Berkeley High Parents Discuss Concerns, Ideas at Gun Safety Forum

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Correction Appended

Following a recent spike in gun-related incidents on campus, more than 100 Berkeley High School parents attended a public forum Monday evening to discuss ways to both improve security and dissuade students from bringing firearms to school.

Berkeley Unified School District Superintendent Bill Huyett and principal Pasquale Scuderi headed the event as they took questions and listened to comments from parents for almost two hours in the Berkeley Community Theater located on campus.

While parents voiced general satisfaction with the school's on-site response to the three incidents that have occurred at the school in 2011, many speakers demanded both immediate action and long-term plans be prepared before someone at the school gets hurt.

"The school is not to blame for what the students do, but you are responsible for stepping up to the plate when things go awry," said Stacey Jones, a mother of a senior at the school. "Events have been occurring at this school for a while now, and you guys have not set into motion any back plan."

Jones, the last of more than a dozen parents to speak at the forum, said the school needs more staff and resources if it hopes to sustain a safe environment at a school "the size of some community colleges." She said that if the school community can raise large amounts of money for sports programs, then it should also be able to make the same investment in safety for students.

Ideas for improving safety ranged from requiring students to wear identification badges while on campus to adding more sophisticated security cameras to the school grounds. The suggestion of adding metal detectors at every campus entrance generated the most debate among parents, with some arguing that installing detectors would be an overreaction that would increase fear and tension among students, and others praising the idea as a highly visible message to students that guns are not be tolerated at school.

"Let me just tell you the reality of the danger at this school right now," said Matthew Golde, head of the juvenile division of Alameda County's District Attorney Office. "We have so many armed robberies at this school it's unbelievable, both in school and the park across the street We have people selling drugs, possessing weapons, beating people down. All Berkeley High students."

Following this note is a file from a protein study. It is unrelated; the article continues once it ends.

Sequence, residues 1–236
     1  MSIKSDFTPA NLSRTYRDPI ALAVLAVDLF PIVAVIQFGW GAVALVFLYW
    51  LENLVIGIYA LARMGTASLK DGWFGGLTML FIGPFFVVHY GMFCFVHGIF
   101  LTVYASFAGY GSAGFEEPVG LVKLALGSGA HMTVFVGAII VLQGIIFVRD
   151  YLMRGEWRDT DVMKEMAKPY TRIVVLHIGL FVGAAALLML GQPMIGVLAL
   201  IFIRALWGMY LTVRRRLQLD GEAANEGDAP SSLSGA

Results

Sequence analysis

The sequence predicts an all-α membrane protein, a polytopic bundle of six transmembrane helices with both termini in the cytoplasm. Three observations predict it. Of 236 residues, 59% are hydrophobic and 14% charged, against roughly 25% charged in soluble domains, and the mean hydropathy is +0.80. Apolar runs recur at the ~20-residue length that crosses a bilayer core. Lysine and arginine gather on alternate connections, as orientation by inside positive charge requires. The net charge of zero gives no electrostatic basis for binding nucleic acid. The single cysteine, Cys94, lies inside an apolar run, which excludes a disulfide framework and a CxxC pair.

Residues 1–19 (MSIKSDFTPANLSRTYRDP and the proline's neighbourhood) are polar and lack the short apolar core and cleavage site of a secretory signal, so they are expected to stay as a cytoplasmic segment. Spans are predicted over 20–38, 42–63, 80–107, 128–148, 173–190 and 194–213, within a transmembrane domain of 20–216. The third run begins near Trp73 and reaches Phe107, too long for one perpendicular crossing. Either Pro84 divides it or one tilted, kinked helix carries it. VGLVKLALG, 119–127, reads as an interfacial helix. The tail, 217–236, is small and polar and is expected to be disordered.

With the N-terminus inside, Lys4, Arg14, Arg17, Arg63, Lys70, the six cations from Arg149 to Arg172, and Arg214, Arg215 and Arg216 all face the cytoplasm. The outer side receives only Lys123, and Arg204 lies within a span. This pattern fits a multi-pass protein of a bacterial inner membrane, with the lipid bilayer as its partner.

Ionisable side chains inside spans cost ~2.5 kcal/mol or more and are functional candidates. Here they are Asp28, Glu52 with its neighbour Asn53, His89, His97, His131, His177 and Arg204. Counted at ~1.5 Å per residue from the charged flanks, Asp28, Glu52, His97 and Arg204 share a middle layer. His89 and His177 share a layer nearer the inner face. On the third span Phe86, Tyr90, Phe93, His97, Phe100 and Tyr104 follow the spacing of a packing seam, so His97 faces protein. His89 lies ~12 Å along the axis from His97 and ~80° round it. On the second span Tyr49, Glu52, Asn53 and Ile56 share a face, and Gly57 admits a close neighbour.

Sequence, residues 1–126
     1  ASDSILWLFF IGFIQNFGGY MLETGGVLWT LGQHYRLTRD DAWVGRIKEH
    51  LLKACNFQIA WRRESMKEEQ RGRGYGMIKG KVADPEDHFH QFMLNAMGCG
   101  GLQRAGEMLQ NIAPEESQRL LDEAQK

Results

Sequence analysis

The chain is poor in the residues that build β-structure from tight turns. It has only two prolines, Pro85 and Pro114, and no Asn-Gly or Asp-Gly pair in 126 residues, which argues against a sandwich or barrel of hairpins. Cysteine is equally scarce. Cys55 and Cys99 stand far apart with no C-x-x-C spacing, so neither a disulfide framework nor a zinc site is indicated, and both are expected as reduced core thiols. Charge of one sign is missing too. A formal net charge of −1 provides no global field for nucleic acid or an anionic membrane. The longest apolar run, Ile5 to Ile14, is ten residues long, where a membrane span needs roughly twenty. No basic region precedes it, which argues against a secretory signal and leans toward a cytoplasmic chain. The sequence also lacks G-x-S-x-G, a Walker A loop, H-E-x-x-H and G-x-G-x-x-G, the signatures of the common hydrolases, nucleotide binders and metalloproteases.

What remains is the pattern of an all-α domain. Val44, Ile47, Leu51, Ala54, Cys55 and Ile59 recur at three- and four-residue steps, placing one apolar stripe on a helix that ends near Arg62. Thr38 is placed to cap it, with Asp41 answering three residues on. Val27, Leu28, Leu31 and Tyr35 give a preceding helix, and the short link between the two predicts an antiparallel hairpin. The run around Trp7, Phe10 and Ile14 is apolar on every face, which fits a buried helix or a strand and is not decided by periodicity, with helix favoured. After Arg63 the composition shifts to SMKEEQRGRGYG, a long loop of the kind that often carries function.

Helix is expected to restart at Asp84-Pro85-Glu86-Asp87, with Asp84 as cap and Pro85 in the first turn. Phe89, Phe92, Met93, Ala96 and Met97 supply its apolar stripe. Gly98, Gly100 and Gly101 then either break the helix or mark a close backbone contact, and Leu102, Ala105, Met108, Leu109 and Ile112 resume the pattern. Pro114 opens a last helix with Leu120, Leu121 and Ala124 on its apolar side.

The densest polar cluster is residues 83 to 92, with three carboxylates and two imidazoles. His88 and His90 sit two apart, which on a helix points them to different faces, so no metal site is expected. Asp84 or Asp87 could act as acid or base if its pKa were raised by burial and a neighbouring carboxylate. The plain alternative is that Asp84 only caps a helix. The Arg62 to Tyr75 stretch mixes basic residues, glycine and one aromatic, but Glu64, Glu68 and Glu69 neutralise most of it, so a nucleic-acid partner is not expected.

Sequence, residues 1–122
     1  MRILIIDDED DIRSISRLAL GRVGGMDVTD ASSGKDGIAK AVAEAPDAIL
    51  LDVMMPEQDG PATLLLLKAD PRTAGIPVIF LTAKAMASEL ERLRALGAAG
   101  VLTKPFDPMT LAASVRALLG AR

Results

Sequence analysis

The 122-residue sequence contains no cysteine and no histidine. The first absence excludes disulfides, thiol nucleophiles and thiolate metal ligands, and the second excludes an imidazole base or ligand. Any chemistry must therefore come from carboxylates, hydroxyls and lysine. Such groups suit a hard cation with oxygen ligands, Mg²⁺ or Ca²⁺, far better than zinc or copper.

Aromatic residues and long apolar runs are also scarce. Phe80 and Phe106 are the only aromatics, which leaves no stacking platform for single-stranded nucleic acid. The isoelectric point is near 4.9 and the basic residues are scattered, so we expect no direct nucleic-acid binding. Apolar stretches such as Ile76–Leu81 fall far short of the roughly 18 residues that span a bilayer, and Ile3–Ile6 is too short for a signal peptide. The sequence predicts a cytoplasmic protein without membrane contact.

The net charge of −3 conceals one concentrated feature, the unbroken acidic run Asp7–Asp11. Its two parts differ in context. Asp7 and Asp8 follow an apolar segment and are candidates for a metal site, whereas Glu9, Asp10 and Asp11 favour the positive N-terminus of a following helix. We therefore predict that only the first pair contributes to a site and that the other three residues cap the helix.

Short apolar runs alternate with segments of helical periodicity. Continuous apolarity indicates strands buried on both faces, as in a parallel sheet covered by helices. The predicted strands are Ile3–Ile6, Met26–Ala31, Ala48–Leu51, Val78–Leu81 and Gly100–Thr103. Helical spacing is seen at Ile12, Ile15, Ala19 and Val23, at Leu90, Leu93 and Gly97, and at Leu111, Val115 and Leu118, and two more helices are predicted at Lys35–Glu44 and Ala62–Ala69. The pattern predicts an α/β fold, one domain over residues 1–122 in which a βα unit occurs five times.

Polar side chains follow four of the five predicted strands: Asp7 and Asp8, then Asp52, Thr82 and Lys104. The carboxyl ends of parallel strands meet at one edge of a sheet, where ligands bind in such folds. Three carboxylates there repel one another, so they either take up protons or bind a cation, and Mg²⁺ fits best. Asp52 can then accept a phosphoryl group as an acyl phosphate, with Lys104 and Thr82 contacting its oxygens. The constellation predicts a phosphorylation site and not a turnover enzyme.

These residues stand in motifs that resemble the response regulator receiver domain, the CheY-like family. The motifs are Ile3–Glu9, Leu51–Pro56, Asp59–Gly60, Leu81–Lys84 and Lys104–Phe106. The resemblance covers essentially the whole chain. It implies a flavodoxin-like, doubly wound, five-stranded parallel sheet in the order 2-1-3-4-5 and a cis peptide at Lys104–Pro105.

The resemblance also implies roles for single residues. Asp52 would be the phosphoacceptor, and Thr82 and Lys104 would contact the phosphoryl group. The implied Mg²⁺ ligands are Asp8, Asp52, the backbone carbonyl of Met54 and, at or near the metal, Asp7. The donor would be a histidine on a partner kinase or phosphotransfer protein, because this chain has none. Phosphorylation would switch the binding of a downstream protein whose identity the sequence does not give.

Some parents called metal detectors "a Band-Aid" and wanted to know both where students were obtaining weapons and the motivations behind bringing firearms on campus. According to Michael McBride, pastor of The Way Christian Center on University Avenue near West Street, teenagers who had confided in him said they procured their guns from illegal gun sales in other cities for personal protection.

"Some of the young people I have worked with do not believe anyone is going to protect them, and they are scared for their lives," he said. "It is incumbent upon all of us as a community to figure out how to make them feel more safe."

Four school district board members also attended the forum. Discussions about safety at Berkeley High will continue at a district board meeting, which is open to the public, Wednesday at 7:30 p.m.

Tags: BERKELEY HIGH SCHOOL, ALAMEDA COUNTY DISTRICT ATTORNEY'S OFFICE, BERKELEY UNIFIED SCHOOL DISTRICT

Correction: Friday, April 1, 2011
A previous version of this article's headline incorrectly referred to the gun safety forum as a drug safety forum.

The Daily Californian regrets the error.

Jeffrey Butterfield covers local schools. Contact him at [email protected]



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